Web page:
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Cheesey69

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  1. Or it could be that the environmental scientists are right that sea levels rising, south east Britain sinking, too much rain run off, high river banks, water extraction, global warming and ignoring old time water control was right?
  2. That's the trouble. I think the idea of going pub to pub, eating out is on the decline. With a lack of mooring near popular area it makes sense to have all mod cons
  3. True, I sail a 1978 westerly Longbow, great boat, plenty of space. But I find that space being eaten up by modern life! More navigation tech, bigger batteries, solar panels. And here's the point, it can't outsail more modern designs of hull. Back to the point, as long as there is a gap for us who don't mind the more classic boat then I'm happy.
  4. I think also the "as standard" fittings are a growing consideration. Modern, economic engines, bow thruster, higher capacity batteries better 240 inverter and indeed, a 240volt hook up are becoming expected. A fridge that runs all night, higher security windows and doors and better modern cookers. These are just some of the considerations most expect for what is an expensive holiday. As I'm now a blue water sailor, I know the cost of these and probably why the smaller yards can't compete. Shame really but progress is forward. Who remembers gas mantels in woods boats?
  5. The Thames has towpaths and very accessible to the public, mooring is a lot easier and more, to me at least, open feel. As been said before, The Broads needs to be seen and used by the public warts and all. The dismal lack of mooring near popular places and as I see it, a decline of amenities will slowly strangle the area. I live about a hundred miles from the area and I ask people I work with have they heard of the Broads hardly anyone under the age of 40 can say yes, let alone take the family out for a visit.
  6. Let's see. Other park's it's all around you, then you do other things in addition to that, you go for a walk, drive, horse ride and the like. You rock up at Wroxham, see a section of river, boats then, well that's it. Acle, the same. Most won't travel a great distance to have a pub meal. Go for a walk, reeds one side normal farm land the other. Don't get me wrong, I love it. But I'm connected by my love of boating but I know others it just won't appeal in mass way like the lake district. And the only way to see the Broads is really by boat and for long term appeal this has to be made more accessible. This lovely bit of the world needs to be protected but trust me, without mass public support it will be chipped away as pressure comes on the public purse. I see it as a double edged sword you need public support but you don't want to spoil it. As an aside, EU rules help protect the Broads as a back stop, if we leave completely we are at the feet of whatever government rules they feel applicable at the time.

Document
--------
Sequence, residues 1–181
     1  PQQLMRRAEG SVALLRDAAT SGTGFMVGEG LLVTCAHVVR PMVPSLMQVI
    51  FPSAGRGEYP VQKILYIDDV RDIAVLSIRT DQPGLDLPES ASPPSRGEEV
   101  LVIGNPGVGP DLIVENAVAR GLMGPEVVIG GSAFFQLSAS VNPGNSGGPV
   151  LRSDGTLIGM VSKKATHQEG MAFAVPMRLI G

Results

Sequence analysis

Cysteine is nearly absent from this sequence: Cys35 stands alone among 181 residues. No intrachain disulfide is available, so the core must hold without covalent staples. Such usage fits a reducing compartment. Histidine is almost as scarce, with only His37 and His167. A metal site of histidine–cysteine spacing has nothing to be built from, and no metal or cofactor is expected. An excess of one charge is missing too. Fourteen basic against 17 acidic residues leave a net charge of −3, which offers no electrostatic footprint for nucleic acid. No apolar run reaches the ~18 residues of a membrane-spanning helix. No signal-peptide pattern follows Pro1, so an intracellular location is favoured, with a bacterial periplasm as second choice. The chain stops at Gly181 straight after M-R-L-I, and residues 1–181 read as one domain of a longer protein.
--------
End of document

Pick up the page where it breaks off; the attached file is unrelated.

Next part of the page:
7. To be honest, your really only going to visit the broads if your interested in messing about on the water. The only way to see the beauty of the Broads is really by boat or something that floats. Birdwatching, cycling, fishing and walking are at best a small number of the total users. That's why I think the broads are a rubbish national park due to the fact that there is only one effective way of seeing them. And that last paragraph could be the death of the place as we know it as less people bond with the broads and really could not care less.
  8. I must be the sad one then. Nothing I like better than knocking out a home made meal for the Mrs and watch the world flow by. I'm not tight in the wallet but the hassle of finding a mooring somewhere near or to stop moving by 2 pm can wear thin. But I do like grabbing a takeaway, mainly chips from Beccles a right pleasure.
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